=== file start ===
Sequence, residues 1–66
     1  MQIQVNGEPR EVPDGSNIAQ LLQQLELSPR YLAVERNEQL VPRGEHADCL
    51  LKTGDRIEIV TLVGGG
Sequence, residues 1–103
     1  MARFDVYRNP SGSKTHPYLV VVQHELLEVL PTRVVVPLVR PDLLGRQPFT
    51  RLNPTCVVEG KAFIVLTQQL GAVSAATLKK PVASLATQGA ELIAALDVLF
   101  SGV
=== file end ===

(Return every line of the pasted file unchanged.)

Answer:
Sequence, residues 1–66
     1  MQIQVNGEPR EVPDGSNIAQ LLQQLELSPR YLAVERNEQL VPRGEHADCL
    51  LKTGDRIEIV TLVGGG
Sequence, residues 1–103
     1  MARFDVYRNP SGSKTHPYLV VVQHELLEVL PTRVVVPLVR PDLLGRQPFT
    51  RLNPTCVVEG KAFIVLTQQL GAVSAATLKK PVASLATQGA ELIAALDVLF
   101  SGV